In the list of Kenya’s richest people, there is one name that may soon be ranked as Kenya’s richest person. That name is Narendra Raval. This is the name of the gentleman who runs one of the biggest steel and cement companies in the region: Devki Group of Companies.
In 2015, Narendra Raval was ranked among the top 50 richest Africans with a net worth of $400 million (Sh. 43.2 billion) by Forbes. “Popularly referred to as ‘Guru’, has investments in steel, aluminum and cement,” said Forbes.
Born in India, Raval served as an assistant priest at a Swaminarayan temple before relocating to Kenya as a teenager to serve in another temple 1978. He was expelled from the sect when he got married to a Kenyan woman known as Neeta Raval in Thika.
After getting married, Raval decided to take up a job in a small steel factory where he learnt steel-making. In 1986, pulling together his savings, he started a small steel processing and trading outfit with his wife in downtown Nairobi.
That small operation has grown into Devki Group, the largest manufacturer of steel products in East and Central Africa. The company manufactures cement, reinforcement bars, and barbed wire. The group’s cement division, National Cement Company, manufactures Kenya’s bestselling Simba cement.
Despite his immense wealth that continues to grow beyond leaps and bounds, Raval has emerged as one of the most humble billionaires in a country where the rich and wealthy are renowned for their show off and acquisition of expensive accessories and collections.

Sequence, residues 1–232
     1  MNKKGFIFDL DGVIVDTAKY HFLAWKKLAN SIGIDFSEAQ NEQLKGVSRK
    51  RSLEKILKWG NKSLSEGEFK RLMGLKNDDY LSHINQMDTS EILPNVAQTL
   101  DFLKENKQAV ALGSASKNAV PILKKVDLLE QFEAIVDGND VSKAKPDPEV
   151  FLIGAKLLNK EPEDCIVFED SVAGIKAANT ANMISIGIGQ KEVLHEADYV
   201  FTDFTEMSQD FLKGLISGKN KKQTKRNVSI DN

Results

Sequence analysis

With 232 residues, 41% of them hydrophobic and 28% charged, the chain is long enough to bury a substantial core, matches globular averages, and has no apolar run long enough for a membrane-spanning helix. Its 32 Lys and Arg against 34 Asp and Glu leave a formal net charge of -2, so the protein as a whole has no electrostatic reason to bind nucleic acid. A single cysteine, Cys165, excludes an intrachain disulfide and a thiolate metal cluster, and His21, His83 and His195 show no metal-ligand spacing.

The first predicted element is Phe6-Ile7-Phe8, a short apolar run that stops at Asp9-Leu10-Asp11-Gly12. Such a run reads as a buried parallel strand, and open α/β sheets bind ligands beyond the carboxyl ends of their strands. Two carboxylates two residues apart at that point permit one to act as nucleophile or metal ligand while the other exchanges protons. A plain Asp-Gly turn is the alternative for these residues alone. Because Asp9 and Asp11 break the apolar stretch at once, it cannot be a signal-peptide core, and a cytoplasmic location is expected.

In an interview with the Business Daily, Raval, a devoted philanthropist who supports a string of orphanages, revealed that he owns just one pair of shoes and still rides the boda boda. In a another interview with Citizen Tv, Raval said that he has not lost his love for the streets and still visits roadside kiosks for food and chitchat with small business persons. “When you stand too tall, you will miss the little things that matter. But when you stand on the ground and interact with people, you will realize that at the end of the day, you are all equal. I still go to the kiosk for food and this gives me a lot of joy. I sometimes have my launch with my workers and we don’t see each other as boss and employee,” he said in an interview with Jeff Koinange and Victoria Rubadiri.
According to Raval, when you are poor, your friends are likely to be poor. “When you have nothing, people ask you, ‘How are you?’ but when you have money, people ask ‘Who are you?'” he said.